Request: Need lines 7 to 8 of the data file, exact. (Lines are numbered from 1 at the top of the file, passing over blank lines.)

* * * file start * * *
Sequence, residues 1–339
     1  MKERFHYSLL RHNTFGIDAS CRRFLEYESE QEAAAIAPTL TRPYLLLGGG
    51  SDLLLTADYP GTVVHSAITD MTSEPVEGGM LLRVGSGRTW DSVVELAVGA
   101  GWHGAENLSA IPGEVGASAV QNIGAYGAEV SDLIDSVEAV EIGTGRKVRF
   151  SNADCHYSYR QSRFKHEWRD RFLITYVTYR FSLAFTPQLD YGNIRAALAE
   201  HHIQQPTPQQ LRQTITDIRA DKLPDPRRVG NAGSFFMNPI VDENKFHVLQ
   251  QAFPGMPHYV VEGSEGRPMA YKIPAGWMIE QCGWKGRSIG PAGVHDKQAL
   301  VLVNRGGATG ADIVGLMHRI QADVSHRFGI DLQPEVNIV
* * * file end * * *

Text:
   251  QAFPGMPHYV VEGSEGRPMA YKIPAGWMIE QCGWKGRSIG PAGVHDKQAL
   301  VLVNRGGATG ADIVGLMHRI QADVSHRFGI DLQPEVNIV